Specialised equipment is usually required to brute force access into an iPhone and the data contained within it. Israeli firm Cellebrite make equipment that facilitates just that and supplies it to Governments across the globe. However now it seems criminals in Brazil have somehow exploited security flaws to bypass Face/Touch ID and alphanumeric passcodes.
The chief of Police Roberto Monteiro provided more context that explains how the gang was able to achieve this. It would seem pirated applications sold via the dark web have enabled the gang to steal user data including bank details.
“From the moment they managed to unlock the phones, the gang evaluate what’s inside of them. If the people have bank account information, they use another software to take off the data and then start to steal their money,”Roberto Monteiro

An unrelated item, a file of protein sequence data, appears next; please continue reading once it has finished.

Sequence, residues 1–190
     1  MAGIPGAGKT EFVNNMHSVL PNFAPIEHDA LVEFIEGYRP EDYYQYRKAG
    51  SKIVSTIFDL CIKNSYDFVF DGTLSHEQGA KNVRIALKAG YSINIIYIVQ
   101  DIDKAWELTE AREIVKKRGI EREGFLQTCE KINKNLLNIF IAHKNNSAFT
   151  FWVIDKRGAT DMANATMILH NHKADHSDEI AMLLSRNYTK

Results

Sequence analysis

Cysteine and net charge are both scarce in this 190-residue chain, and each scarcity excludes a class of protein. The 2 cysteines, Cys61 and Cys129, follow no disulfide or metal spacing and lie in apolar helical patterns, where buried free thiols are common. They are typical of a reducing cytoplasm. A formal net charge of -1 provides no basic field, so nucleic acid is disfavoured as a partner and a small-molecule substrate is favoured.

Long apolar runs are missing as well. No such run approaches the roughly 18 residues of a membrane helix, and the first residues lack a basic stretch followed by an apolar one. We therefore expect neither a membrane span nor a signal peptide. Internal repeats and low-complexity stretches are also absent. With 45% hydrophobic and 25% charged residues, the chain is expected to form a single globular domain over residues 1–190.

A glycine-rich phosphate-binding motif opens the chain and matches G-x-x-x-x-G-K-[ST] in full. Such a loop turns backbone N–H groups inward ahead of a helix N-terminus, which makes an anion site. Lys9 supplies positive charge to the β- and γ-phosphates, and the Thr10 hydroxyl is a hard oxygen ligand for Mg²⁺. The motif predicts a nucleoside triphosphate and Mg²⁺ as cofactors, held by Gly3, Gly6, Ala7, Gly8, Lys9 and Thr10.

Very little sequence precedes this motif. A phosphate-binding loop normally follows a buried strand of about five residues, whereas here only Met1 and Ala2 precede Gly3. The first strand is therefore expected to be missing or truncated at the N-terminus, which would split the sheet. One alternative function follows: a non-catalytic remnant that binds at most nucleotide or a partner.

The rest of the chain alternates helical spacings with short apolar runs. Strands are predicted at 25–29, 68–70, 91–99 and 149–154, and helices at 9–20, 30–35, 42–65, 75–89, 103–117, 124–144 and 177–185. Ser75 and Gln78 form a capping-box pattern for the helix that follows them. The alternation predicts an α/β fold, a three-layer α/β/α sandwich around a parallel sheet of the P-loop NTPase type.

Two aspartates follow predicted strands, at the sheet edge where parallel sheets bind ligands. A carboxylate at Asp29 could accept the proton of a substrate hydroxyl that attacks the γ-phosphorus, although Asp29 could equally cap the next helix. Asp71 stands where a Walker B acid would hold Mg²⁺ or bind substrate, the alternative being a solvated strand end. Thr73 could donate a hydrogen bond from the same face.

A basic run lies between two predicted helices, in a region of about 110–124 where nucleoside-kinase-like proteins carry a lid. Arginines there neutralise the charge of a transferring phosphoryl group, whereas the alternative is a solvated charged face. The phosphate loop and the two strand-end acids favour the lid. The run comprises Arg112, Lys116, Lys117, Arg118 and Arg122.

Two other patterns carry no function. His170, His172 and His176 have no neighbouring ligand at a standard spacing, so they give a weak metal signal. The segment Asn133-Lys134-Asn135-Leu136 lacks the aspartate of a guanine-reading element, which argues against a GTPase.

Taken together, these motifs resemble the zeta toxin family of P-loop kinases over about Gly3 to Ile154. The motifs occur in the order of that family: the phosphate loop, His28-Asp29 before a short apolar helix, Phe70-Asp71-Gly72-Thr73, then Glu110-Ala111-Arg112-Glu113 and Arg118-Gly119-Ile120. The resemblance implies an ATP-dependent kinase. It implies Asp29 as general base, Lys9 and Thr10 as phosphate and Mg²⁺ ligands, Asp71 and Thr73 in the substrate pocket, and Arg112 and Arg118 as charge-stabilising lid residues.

It seems the Criminals have switched techniques and rather than SIM cloning are now using software to brute force into a device with direct access. Of course, unlike SIM cloning this does require physical possession of the device.
Fortunately, Apple is going to put some power back in the hands of customers with its upcoming iOS 15 software update. Find my iPhone will now function even when a device is powered off, enabling a user to locate the device remotely. Previously this required the device to be powered on. Better still the feature will work even if a device has been wiped making the phone akin to a hot potato for a criminal.
It isn’t clear how the new find my iPhone features will work when a phone is powered off but I suspect it uses Bluetooth low energy or similar. Apple has previously implemented a similar solution for express card support on public transit. The aforementioned feature enables a user to authenticate at transit terminals even when the device is switched off.
Featured image: Mark Chan via Unsplash